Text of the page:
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When considering a move into senior housing for yourself or a loved one, you might find the experience similar (and as exciting as) buying a first home.
Choosing to live in an independent living community is more affordable than most realize when taking into consideration all of the responsibilities that are removed from day-to-day worry. However, bear in mind that there are many different types of fee structures and contracts for these types of retirement communities, making it difficult to compare apples to apples when it comes to pricing — the best way to evaluate is to compare independent living facilities based on what you are looking for and your financial situation.
If you’re an active adult ready to give up the hassles of home ownership while being guaranteed access to life-enriching amenities and the health services you may need in the future, take a look below to learn more about the cost of independent living and see if it is a viable option for you.
Independent living is for active seniors who can live on their own, require little daily assistance, and want to focus on a carefree lifestyle in a community of like-minded individuals. There is little published data on average costs because it can vary so greatly based on location, size of the floor plan, and the level of hospitality/care services provided. Despite this, you can typically expect to pay a monthly rate of about $1,000 to $6,000 plus a possible entrance fee.
This monthly fee is usually all-inclusive to include items like:
Generally, assisted living may indeed be more expensive than independent living. This is because an assisted living community is meant for people who cannot live on their own and need help with activities of daily living (ADLs) on a regular basis. While medical care and skilled nursing are offered by professional caregivers, they are not the sole intent of the facility. Instead, the general aim of an assisted living facility is to help the residents enjoy their lives, free from the challenges and burdens of daily life.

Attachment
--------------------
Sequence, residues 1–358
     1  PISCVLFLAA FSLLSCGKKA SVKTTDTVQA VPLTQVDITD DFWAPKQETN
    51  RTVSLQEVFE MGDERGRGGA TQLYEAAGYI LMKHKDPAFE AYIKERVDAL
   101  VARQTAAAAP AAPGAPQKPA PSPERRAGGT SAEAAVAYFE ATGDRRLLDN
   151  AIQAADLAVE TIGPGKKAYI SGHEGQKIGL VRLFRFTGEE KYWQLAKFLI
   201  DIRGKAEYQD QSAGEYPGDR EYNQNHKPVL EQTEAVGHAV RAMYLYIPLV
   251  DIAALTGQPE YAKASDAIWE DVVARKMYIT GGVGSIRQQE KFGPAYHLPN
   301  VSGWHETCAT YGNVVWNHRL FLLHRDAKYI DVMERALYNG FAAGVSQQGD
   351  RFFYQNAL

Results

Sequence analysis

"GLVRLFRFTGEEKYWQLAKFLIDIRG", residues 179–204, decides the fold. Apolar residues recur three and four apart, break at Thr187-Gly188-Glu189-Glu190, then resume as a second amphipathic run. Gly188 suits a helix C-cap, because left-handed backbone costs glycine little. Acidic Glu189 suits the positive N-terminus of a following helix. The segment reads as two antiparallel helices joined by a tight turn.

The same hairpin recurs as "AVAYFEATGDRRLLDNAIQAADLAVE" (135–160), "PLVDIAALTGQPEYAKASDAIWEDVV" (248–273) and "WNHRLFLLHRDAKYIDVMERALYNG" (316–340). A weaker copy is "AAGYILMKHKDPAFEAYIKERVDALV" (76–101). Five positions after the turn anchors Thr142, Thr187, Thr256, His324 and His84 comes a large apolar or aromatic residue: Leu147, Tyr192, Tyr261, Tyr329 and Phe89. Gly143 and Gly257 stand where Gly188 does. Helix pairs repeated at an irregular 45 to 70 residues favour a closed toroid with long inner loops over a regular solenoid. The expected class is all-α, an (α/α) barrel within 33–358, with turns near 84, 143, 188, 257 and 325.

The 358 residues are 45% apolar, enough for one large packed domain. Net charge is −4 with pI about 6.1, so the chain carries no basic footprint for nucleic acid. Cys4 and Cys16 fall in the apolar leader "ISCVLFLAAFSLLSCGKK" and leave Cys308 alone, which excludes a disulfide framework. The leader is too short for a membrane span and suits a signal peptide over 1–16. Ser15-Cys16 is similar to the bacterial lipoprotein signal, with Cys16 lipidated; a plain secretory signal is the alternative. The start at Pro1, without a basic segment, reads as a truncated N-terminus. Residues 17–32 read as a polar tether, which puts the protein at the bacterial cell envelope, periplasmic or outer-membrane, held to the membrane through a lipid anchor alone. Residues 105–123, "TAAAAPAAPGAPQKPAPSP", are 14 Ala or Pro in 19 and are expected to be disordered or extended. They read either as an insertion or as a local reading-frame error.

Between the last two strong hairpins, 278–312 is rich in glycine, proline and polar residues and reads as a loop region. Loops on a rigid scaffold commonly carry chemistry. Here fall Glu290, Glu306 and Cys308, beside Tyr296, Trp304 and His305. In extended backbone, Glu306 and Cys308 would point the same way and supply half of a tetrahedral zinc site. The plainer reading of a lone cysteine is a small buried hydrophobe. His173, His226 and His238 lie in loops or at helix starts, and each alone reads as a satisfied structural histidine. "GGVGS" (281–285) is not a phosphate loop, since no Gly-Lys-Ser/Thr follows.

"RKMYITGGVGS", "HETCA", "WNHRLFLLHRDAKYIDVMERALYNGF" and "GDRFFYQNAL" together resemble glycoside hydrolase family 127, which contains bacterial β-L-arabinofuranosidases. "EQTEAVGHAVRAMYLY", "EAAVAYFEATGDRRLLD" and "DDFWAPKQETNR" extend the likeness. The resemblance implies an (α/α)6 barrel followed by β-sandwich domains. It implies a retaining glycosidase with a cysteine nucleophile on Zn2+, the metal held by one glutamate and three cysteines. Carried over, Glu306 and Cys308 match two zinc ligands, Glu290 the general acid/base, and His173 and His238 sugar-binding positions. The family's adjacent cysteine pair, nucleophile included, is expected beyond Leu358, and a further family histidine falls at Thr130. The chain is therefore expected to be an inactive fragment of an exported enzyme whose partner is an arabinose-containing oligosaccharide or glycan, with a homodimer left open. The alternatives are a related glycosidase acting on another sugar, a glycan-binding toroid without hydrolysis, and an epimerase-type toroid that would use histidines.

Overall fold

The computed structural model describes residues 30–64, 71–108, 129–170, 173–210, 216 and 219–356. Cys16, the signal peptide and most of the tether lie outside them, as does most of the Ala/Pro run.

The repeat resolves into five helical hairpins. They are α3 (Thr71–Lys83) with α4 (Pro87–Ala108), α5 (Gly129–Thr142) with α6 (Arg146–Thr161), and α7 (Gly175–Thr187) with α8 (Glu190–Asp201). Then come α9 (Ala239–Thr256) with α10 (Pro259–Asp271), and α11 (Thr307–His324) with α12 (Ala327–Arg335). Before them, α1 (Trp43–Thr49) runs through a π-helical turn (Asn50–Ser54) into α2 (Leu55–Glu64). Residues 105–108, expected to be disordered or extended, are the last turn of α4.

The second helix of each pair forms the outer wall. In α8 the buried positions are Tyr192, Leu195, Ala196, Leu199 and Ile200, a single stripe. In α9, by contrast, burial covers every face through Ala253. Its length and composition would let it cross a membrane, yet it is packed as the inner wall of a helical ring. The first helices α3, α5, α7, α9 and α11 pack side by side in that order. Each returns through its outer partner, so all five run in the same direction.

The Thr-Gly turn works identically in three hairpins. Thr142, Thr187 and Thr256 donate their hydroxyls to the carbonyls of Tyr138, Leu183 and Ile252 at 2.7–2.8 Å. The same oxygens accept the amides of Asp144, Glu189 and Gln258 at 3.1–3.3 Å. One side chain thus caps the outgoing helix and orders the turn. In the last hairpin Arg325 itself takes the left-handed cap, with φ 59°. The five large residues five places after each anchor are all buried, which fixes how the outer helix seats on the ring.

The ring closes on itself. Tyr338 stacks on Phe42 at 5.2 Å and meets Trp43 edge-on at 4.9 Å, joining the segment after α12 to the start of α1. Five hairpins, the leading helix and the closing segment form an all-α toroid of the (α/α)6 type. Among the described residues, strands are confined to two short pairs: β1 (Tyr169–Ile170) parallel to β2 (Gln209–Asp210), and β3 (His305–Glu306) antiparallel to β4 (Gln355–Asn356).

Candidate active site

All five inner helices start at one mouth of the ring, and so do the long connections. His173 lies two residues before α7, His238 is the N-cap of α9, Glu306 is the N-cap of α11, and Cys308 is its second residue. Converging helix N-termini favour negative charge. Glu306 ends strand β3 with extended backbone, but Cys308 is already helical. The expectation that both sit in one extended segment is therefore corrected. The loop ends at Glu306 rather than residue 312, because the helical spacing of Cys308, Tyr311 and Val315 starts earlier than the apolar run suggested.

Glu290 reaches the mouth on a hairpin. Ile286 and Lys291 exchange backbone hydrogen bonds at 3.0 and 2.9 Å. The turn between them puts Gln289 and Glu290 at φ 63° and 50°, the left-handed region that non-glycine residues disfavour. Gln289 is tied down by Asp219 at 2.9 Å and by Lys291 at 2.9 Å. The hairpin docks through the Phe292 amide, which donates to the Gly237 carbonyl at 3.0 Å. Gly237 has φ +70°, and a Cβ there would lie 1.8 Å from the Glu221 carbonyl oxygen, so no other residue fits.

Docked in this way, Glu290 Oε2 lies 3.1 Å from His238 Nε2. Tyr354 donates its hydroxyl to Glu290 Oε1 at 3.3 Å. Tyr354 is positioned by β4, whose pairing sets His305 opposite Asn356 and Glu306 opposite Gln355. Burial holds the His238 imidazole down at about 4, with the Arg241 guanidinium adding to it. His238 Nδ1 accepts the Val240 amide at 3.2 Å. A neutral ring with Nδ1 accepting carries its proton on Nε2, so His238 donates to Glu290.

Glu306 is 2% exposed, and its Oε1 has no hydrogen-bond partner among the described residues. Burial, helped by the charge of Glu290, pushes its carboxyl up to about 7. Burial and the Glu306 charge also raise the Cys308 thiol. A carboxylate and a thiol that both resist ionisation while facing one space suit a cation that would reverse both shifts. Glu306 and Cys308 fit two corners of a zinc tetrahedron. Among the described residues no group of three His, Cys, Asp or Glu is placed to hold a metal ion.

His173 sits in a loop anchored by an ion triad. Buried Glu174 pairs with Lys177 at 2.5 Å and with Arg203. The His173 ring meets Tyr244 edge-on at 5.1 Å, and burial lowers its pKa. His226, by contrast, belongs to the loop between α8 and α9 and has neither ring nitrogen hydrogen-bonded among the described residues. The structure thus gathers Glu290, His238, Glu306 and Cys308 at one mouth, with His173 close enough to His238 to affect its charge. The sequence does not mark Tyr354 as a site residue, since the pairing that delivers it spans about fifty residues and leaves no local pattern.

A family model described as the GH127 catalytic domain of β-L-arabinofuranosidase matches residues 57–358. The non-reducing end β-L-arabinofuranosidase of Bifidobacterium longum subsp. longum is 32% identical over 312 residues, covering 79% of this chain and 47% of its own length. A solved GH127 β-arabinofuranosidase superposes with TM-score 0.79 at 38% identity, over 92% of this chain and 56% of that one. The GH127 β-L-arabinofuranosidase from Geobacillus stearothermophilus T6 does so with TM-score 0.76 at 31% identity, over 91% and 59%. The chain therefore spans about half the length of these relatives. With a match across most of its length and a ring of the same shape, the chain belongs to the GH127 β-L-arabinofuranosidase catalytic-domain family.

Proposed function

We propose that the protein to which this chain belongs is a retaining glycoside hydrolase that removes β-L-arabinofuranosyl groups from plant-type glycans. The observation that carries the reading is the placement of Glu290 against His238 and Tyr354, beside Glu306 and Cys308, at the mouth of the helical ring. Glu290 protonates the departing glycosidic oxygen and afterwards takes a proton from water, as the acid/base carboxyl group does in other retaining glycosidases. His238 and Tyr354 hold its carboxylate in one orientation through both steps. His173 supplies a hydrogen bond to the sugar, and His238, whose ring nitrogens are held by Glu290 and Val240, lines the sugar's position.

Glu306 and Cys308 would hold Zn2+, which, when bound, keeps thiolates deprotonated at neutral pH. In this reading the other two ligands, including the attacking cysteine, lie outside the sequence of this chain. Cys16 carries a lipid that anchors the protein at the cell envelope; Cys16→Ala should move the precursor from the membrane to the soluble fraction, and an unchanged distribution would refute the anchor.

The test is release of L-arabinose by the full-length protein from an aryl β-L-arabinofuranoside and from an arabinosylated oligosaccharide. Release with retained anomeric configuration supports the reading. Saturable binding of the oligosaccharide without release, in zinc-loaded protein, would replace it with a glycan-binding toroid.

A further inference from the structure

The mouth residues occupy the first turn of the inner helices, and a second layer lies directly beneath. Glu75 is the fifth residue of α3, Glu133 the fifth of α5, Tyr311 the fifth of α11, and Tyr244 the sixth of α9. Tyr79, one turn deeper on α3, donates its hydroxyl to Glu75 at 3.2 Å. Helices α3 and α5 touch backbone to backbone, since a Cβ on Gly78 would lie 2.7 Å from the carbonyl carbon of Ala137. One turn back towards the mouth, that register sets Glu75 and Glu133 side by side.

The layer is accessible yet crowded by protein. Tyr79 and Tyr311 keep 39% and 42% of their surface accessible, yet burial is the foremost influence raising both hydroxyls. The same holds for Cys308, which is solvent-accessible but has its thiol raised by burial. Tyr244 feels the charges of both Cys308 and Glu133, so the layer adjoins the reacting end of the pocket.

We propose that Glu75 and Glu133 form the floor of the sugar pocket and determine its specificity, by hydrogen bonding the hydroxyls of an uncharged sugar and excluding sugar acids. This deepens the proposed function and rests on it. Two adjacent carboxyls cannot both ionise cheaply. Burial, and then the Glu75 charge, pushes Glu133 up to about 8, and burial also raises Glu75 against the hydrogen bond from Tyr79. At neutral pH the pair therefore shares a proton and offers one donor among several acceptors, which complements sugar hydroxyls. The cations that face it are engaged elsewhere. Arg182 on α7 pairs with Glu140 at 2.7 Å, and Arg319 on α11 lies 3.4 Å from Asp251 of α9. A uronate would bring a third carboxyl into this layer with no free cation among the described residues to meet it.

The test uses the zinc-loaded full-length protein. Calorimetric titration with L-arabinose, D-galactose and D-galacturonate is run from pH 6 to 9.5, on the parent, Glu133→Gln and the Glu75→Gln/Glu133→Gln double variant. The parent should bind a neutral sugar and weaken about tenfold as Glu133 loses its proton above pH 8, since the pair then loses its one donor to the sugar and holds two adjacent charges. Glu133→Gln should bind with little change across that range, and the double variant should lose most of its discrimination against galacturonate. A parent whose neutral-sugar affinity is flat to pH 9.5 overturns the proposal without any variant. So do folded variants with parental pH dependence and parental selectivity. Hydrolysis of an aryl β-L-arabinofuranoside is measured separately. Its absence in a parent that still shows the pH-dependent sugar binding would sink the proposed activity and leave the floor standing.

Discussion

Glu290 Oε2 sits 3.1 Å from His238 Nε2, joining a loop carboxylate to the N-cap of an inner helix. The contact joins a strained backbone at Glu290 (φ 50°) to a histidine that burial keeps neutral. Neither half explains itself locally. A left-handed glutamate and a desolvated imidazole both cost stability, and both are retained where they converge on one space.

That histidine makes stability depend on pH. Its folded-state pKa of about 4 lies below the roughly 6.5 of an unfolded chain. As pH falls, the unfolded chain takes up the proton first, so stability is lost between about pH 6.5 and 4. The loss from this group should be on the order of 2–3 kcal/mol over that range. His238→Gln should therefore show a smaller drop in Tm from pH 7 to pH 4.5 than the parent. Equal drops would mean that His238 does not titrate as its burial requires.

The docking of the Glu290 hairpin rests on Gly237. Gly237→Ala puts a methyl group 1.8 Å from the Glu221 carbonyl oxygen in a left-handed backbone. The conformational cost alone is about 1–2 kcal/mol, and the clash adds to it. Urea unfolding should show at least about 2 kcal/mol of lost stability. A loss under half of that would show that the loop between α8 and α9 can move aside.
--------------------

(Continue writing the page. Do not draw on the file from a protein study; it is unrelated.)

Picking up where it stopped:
Because assisted living offers these readily-available medical and personal care services, this dramatically increases the price to up to $60k or more annually. Once again, this can depend on care needs and a variety of other factors.
Unfortunately, most subsidized methods and government programs do not cover the cost of independent living. Find out more about this below:
Medicare generally does not cover independent living as it only pays for long-term care if the senior requires skilled services or rehabilitative care. For example, Medicare may only cover skilled in-home care services or a nursing home stay for a maximum of 100 days.
Medicaid also does not generally cover independent living because of the qualifications associated. For instance, an individual must meet minimum state eligibility requirements in addition to having an income below a certain level.
Medical insurance usually does not cover staying in an independent living community because medical treatment is typically not involved in these situations. Insurance is similar to Medicare in that it may offer coverage for skilled, short-term, medically-necessary senior care, but not always.
However, keep in mind that there is an option for long-term care insurance to cover some services. For example, if your long-term care insurance already covers the costs of someone coming into a home to do things such as prepare meals, run errands, etc., it may also cover these same types of services performed by an independent living staff. This would not cover the total costs of rent or buy-in, rather, it could still offset those costs though.
When you can’t get elderly care covered through subsidized methods, you may need to investigate personal ways to pay. These include the following:
Many people think that staying at home is cheaper than moving into a senior living community, but that’s not always the case. The total cost of living at home isn’t just your mortgage or rent—you must also include the monthly cost of food, utilities, home maintenance, property taxes, insurance, and entertainment. All of these things are included in one simple monthly bill at an independent living facility! Plus, many of these services and amenities are optional add-ons in some communities, which means you can take an a la carte approach, reducing your cost of independent living even more.
Furthermore, you need to also think about your needs changing in the future and whether or not at-home care can compensate for these issues. For example, you may need to pay for skilled professional help or make safety modifications to the home, which can all quickly add up. Independent living, however, puts you in the best possible position to make an easy transition to assisted living, skilled nursing care, memory care services, or another higher level of care.
If you are thinking about making the switch, ask yourself these questions:
If you answered “yes” to any of these questions, then independent living may give you the peace of mind of a worry-free lifestyle with no unexpected expenses, chores, or maintenance. We know that it can sometimes be shocking for seniors or their family members to see the bottom line number; however, when you examine the full and total cost of living at home, you may find independent living is not only less expensive but way more simple! Find an independent living facility near you!